Polio Outbreak in Caribbean Believed Caused by Vaccine
A strain of polio virus used as a vaccine apparently has mutated and caused a rare outbreak of the paralyzing disease in the Dominican Republic and Haiti, the Washington Post reported Saturday.
Citing health officials at the Pan American Health Organization and the US Centers for Disease Control and Prevention (CDC), the daily reported that the outbreak of at least four discrete cases of polio marks the first time such an event has been reported in the Western Hemisphere, where the last known incidence of the disease was identified in Peru in 1991.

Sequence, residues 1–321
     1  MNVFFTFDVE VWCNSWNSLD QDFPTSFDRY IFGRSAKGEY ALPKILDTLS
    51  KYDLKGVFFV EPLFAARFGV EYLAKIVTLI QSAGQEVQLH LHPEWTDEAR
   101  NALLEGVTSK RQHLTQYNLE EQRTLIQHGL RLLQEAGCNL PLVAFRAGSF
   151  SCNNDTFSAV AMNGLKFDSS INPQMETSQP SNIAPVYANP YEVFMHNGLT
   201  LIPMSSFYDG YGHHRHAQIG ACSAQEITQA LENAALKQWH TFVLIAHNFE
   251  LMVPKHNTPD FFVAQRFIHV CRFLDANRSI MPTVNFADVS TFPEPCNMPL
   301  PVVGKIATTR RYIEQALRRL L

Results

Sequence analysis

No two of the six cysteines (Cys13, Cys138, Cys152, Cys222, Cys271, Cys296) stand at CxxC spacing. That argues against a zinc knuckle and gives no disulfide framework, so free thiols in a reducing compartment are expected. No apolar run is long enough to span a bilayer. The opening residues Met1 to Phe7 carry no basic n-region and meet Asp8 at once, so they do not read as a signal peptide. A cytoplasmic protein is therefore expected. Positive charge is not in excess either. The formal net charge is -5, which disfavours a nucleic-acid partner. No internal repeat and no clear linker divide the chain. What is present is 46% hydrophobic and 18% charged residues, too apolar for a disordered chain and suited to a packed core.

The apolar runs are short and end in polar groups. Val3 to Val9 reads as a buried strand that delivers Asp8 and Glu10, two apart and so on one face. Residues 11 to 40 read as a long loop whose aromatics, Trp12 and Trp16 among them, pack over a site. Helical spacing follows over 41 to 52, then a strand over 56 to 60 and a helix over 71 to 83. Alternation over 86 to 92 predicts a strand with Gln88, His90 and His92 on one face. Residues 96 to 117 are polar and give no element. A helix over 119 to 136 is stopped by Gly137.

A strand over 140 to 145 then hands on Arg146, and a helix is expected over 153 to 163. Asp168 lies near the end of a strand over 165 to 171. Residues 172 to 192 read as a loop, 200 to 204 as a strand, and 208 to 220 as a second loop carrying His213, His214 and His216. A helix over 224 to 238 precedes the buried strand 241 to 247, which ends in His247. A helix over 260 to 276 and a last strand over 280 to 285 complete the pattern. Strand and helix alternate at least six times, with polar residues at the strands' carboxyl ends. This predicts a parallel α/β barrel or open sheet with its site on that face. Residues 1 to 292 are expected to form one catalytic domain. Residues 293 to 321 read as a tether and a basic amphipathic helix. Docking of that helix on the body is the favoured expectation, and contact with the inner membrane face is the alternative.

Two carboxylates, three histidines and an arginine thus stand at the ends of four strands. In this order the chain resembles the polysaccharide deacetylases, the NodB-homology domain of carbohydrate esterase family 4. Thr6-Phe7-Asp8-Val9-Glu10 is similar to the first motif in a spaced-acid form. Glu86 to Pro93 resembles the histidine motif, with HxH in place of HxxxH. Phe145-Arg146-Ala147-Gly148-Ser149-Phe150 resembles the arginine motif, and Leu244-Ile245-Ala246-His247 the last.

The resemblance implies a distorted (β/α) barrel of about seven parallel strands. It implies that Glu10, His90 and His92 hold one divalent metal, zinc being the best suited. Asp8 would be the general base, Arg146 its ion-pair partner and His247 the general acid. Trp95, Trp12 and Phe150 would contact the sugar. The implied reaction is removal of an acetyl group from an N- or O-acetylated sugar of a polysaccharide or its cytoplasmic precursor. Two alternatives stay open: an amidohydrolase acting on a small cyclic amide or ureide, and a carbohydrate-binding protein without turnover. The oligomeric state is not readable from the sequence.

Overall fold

Officials said the current outbreak is under control and does not pose an immediate public health threat, although it raises questions about current efforts to immunize people against the dreaded disease.
"We cannot take our lack of polio for granted," Walter Orenstein, director of the CDC's national immunization program, told the Post.
"It highlights the importance of maintaining a high level of suspicion for polio, and for assuring that our vaccination coverage is maintained."
Three polio cases were confirmed in a rural area of the Dominican Republic, and a single case in an extremely isolated hamlet in Haiti. A genetic analysis of the strains show that they are all related, suggesting that they developed when the weakened live virus used in the oral polio vaccine mutated.
In addition to the four known cases, 16 other possible cases are under study but have not yet been confirmed – WASHINGTON (AFP)
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